Tish Fearn, winner of the 2003 British Female Inventor of the Year award, wasn’t about to let tendonitis force her to quit taking care of horses. The South Africa native, who was born without a left hand, had been using a traditional shaving fork to muck out the stables at the National Equine Defence Society in Birkin, U.K. for years, and the task was becoming increasingly arduous.
Fearn, who was devoted to the organization she started in the early 1990s to rescue, rehabilitate, and re-home horses, donkeys, and ponies, was compelled to take action. She was tired of using a heavy fork, which put a great deal of stress on the user's back, neck, and arm and put them at risk for a repetitive strain injury. She began working on the design for the “Lite-Lift Fork,” which she hoped would help ease the burden for herself and others.
The fork, which took 12 years to develop, was created with the help of the Product Development Team in the School of Engineering at Sheffield Hallam University. The team helped Fearn design and manufacture the prototype, which was made to evenly distribute the weight of any object being lifted. Its shaft bends at various points, reducing the user’s need to bend. A second handle can be positioned for users of various heights and according to whether they are left- or right-handed.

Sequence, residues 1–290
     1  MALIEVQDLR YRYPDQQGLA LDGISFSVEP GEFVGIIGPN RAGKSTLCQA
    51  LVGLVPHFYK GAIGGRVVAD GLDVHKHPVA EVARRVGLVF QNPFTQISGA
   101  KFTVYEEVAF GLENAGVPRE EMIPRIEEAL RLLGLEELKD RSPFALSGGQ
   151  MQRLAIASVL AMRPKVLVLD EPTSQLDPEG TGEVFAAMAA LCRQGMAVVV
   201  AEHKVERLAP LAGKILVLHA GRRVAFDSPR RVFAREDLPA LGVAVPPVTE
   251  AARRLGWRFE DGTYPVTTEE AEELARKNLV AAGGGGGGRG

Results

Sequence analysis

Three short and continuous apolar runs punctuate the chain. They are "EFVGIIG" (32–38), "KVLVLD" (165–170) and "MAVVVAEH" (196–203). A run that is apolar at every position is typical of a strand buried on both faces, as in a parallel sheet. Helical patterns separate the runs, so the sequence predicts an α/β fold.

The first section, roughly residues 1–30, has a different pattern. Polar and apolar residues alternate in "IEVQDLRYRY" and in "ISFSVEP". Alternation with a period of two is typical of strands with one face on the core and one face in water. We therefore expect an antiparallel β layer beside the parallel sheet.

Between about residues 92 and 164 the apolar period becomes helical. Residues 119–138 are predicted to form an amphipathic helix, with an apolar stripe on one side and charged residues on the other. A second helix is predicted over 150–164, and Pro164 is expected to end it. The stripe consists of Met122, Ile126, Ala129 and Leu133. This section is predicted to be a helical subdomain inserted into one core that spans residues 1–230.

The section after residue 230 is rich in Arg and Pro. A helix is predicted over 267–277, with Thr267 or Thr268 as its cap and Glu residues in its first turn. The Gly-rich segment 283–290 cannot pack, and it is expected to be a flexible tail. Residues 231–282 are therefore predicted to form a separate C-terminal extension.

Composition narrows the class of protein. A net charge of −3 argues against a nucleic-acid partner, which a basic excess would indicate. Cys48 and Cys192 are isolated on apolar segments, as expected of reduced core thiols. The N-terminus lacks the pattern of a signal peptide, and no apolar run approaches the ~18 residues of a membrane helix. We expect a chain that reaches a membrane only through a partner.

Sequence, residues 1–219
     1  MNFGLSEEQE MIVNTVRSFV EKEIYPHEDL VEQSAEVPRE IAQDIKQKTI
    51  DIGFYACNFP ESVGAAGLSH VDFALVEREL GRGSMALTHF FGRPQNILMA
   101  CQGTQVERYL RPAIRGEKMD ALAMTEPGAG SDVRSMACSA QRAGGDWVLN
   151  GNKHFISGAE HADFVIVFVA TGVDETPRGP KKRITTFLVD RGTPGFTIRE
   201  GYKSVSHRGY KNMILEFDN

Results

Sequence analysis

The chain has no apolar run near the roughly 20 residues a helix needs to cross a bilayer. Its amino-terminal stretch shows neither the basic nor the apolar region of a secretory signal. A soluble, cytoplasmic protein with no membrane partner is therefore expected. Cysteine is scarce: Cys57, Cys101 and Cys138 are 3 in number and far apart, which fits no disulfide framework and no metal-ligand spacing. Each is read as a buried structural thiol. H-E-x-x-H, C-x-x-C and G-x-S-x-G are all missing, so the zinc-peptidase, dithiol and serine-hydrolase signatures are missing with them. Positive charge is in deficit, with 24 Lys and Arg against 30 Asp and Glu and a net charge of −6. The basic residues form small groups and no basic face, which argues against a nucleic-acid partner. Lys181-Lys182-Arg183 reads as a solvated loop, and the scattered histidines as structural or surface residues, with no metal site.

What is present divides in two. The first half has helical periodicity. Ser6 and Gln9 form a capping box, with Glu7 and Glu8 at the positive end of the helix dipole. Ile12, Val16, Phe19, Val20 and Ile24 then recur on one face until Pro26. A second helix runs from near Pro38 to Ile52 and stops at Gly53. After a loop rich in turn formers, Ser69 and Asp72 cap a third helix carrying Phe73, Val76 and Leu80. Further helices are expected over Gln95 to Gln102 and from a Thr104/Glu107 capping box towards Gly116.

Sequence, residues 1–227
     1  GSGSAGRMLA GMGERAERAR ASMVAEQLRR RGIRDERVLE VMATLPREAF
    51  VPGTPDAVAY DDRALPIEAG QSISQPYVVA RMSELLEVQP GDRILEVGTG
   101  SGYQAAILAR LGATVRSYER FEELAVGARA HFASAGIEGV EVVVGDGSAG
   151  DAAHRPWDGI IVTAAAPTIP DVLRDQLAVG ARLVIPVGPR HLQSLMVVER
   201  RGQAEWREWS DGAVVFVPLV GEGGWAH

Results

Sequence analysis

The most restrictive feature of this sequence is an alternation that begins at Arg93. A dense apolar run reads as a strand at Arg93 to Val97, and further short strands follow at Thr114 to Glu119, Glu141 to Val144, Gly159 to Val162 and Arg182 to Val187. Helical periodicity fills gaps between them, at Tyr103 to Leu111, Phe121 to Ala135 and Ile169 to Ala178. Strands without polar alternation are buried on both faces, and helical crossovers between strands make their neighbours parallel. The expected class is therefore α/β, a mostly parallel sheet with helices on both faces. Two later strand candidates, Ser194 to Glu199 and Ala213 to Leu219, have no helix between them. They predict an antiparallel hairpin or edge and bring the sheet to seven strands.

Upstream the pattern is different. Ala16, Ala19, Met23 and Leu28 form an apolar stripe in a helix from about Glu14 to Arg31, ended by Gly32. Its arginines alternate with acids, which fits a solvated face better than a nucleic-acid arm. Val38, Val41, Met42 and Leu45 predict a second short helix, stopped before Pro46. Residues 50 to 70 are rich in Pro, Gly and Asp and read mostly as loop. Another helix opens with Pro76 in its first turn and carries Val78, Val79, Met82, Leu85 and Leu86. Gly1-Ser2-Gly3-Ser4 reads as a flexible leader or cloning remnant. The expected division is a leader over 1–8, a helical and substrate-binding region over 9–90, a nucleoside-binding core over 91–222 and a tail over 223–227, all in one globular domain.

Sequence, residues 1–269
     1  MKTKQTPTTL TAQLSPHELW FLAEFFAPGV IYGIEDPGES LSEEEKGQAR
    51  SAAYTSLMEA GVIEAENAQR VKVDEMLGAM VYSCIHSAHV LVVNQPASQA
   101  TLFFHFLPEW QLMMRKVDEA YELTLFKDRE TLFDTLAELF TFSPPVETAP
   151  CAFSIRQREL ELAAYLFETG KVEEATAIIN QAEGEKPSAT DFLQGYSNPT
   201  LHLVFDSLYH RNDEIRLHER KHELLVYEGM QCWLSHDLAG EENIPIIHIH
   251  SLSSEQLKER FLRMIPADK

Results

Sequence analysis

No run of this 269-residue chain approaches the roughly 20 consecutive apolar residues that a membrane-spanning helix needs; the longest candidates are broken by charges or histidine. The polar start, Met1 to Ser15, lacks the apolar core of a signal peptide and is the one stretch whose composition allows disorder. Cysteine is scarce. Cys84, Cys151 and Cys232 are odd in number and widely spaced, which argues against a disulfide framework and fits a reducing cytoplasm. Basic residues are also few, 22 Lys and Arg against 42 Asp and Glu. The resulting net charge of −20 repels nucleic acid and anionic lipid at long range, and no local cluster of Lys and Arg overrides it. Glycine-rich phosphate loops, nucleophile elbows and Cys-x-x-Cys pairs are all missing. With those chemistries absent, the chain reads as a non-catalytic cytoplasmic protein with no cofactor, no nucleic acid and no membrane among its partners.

The Lite-Lift fork is also very light and can be modified by interchanging heads for performing farming, industrial, and household tasks such as brushing, hoeing, raking, or mopping. It can also be used for shoveling grain or snow.
After twelve years of development, the Lite-Lift, patented internationally, was launched in October 2002 and is now available throughout the U.K. as well as in the United States. It is sold by mail order around the world. Fearn and the team at Sheffield Hallam also developed a shovel to be used for mucking out stable yards and paddocks.